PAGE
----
It is important to obtain an accurate diagnosis of AFB. Experience has shown that diagnosis provided by a fellow beekeeper may not always be accurate. An inaccurate diagnosis can lead to spread of the disease throughout the apiary and large losses of hives and honey production.
Confirmation of AFB may be obtained by laboratory examination of smears of infected larvae. Full details are found in Samples for laboratory diagnosis of bee diseases.
Control and eradication of AFB
Hives in which bee colonies have died and hives with reduced adult bee populations that are unable to prevent robber bees from entering should be completely closed. This includes closing the entrance and any other holes that may allow robber bees to gain entry. Robbing of honey is a major cause of disease spread.
Hives that have been closed should be moved to a shaded area away from direct sunlight to prevent meltdown of combs and leakage of honey from the hive.
Extracting honey from AFB infected hives
There is a major risk of spreading AFB if honey is removed and extracted from infected hives. Beekeepers who wish to extract AFB infected honey should discuss this with an apiary officer from the department.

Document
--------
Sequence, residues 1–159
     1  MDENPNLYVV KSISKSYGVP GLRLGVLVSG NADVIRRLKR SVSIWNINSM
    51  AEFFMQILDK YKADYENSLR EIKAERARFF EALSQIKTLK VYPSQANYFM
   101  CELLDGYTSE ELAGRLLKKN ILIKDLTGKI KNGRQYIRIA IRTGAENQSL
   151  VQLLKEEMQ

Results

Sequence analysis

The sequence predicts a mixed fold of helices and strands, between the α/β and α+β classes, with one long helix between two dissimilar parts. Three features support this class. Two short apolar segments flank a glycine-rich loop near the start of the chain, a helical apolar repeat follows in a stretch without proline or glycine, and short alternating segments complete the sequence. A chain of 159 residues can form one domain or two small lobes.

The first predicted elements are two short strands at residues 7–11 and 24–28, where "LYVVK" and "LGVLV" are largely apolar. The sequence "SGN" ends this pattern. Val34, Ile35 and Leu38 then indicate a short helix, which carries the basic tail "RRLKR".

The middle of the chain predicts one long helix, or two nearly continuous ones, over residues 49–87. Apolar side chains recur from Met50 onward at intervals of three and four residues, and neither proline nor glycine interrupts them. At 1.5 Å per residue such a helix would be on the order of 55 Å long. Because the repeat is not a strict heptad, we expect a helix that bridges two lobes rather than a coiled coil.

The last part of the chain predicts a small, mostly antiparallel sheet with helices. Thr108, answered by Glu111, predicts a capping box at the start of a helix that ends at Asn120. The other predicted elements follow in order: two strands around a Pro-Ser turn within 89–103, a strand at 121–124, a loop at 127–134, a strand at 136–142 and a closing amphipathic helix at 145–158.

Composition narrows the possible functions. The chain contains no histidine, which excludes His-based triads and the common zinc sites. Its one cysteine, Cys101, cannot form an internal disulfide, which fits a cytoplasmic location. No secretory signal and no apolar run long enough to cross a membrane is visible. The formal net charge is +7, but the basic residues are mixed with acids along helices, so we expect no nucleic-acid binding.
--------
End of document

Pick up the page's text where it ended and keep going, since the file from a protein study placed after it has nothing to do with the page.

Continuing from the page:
If honey is to be removed from AFB-infected hives for extraction, it must be done before the bees are killed with petrol as described below. It is important that all containers holding this honey are labelled with the words 'AFB honey'. This will enable the honey packer to direct the product to markets that do not require certification that the honey has been produced in apiaries free of AFB.
Preparation before destruction of items by burning
Before destroying items by burning you must enquire at your local council for information on local laws and whether a permit is required to burn hives in the open.
Where hives are on public land apiary sites, contact the local Department of Environment, Land, Water and Planning (DELWP) office to determine if a fire to burn hives will be permitted.
Private land that lies within 1.5km of public land (for example, parks and forests) may be within a Fire Protected Area. The local DELWP office can advise if a fire is permitted on private land in a Fire Protected Area.
Application to burn hives during the declared Fire Danger Period should be made at the local council office. The Fire Danger Period is declared by the Country Fire Authority when the risk of bushfire is high and the start and end of the period will vary across Victoria.
The Fire Danger Period excludes national parks, state forests and other protected public land. If the hives to be destroyed are in a Fire Protected Area on private land, you must obtain a permit from your local DELWP office.
When a permit to burn cannot be granted during a declared Fire Danger Period, the bees should be first killed using unleaded petrol.
The hives infected with AFB can then be bagged using strong plastic bags to make them totally bee-proof. It is wise to consider double bagging infected hives.